“What else?” I heard someone say. “Ronnie wouldn’t have wanted it any other way, but to have egg-salad sandwiches.”

Up the sleeve of an audience

You’d think in a room full of people over 70, there’d be somebody with a light for candles on a birthday cake for a 90-year-old. Ronnie Egan and I had to do the cake cutting without lit candles.

The event was coming to its climax. Guests were assembled. Speeches from dignitaries, family and friends were in the books. We had even sung “Happy Birthday” to the birthday girl. All we had left was to present the cake and candles to her, invite her to make a wish and watch her cut the cake. But there was a problem. Nobody had a way to light the candles. No problem, I thought, I’ll ask the audience.

“Anybody got a light?” I asked. And I looked out at a sea of faces expecting a smoker or a boy scout to come forward.

But nobody moved. Not one person had either a lighter or a book of matches to offer. If any group might be expected to have one or the other in its pockets, for sure, I thought, this one would.

Sentinel of a century

Tree cutters arrive to bring down the maple on Balsam Street.

About a week ago, a friend up the street visited my next-door neighbour on a mission. With his pickup truck empty, save for his chainsaw and a can of gas, He began a day-long project dissecting the remains of a piece of history. A maple tree that had stood near the street at the corner of Ronnie Egan’s property for nearly a century had dropped too many dead or dying upper limbs to be safe anymore. So the township decided for the benefit of all concerned that the tree should come down.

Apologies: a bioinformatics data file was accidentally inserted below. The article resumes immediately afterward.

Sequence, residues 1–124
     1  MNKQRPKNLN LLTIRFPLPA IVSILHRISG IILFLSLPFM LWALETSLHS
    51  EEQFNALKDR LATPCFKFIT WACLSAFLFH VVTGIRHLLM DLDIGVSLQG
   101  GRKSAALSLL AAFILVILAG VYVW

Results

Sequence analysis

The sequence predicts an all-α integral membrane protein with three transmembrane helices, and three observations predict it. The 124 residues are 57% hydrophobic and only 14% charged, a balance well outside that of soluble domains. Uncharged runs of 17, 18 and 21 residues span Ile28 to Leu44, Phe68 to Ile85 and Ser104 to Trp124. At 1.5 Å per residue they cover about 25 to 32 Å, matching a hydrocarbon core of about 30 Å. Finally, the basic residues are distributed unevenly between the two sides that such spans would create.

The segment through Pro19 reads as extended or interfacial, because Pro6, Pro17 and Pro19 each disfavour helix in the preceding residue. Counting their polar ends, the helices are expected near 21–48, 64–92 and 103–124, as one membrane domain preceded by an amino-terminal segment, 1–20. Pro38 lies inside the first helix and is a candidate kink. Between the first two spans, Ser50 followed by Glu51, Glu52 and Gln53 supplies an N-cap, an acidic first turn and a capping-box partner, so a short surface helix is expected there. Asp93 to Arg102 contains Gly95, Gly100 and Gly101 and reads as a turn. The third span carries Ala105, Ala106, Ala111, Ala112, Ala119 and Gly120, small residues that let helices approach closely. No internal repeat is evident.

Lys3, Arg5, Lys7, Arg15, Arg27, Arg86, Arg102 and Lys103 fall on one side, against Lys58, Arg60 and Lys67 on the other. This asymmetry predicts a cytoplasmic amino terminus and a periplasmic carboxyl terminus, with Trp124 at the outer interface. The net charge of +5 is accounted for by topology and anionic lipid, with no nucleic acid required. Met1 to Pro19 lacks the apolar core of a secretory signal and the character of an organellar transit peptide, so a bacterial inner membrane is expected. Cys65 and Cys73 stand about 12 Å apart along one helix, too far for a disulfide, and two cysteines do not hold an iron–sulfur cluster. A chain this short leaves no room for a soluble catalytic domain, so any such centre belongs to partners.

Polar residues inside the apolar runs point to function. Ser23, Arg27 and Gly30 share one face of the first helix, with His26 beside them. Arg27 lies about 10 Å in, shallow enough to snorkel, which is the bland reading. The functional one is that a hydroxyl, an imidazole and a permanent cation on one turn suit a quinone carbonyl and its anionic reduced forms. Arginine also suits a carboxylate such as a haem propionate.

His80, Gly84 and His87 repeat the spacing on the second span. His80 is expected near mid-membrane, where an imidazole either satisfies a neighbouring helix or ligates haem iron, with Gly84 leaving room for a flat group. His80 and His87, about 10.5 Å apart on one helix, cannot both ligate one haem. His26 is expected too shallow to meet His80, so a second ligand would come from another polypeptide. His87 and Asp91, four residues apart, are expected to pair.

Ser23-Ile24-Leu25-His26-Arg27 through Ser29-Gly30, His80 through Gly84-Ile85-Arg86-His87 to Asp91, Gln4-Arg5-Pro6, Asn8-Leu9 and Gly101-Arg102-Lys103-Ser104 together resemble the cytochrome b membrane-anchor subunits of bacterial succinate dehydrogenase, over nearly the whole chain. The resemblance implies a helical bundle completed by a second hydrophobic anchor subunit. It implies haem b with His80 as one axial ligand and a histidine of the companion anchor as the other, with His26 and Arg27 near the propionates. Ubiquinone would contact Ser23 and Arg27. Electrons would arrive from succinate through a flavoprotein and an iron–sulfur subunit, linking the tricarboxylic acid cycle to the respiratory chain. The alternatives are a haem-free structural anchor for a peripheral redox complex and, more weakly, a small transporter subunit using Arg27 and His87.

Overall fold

“I cried the day they took it down,” Ronnie Egan admitted to me. “It was very sad to see it go.”

Making Remembrance Day instructive

Outside the Southwold community centre, the sign invites participants to the annual Remembrance week service.
Outside the Southwold community centre, the sign invites participants to the annual Remembrance week service.

Just before I delivered a Remembrance talk in the southwestern community of Shedden, Ont., last Sunday morning, I walked along the back wall of the Southwold Township Complex, where I was to speak. There were perhaps 500 people waiting for the township’s annual pre-Remembrance Day observance to begin.

And standing politely along that back wall, so that older citizens – principally veterans and their spouses – could have seats, were about 20 young army and air cadets. I made a point of introducing myself to them and learning who they were before I spoke.

“I’m 18 and in the Elgin Regiment,” one of them announced proudly.

“And why did you offer your part-time service?” I asked.

“I wanted to say something about my generation,” he said.

When walls come tumbling down

GARAGE_FROMBACKYARD1I’d been planning the demolition of my garage for a long time. Built sometime in the middle of the last century, my fast disintegrating, single-car enclosure – I had come to realize – had outlived its usefulness and had to go. So, over the weekend, I hired a friend and his future son-in-law to help me bring the old building down. But what the destruction of my old garage revealed as it came down was a great deal more than I expected. For example, as we three demolition types took a break last Saturday afternoon, I asked my longtime next-door neighbour, Ronnie Egan, when she thought the garage had been built.